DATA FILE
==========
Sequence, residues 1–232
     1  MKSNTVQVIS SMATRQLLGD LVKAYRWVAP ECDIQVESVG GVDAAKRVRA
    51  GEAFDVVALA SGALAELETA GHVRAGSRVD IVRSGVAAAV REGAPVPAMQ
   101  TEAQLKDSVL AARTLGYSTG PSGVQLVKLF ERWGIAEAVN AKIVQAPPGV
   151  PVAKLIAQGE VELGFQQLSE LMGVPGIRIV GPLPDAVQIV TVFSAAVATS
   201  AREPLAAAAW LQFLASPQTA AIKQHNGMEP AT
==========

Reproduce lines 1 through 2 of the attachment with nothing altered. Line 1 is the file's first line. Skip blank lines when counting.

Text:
Sequence, residues 1–232
     1  MKSNTVQVIS SMATRQLLGD LVKAYRWVAP ECDIQVESVG GVDAAKRVRA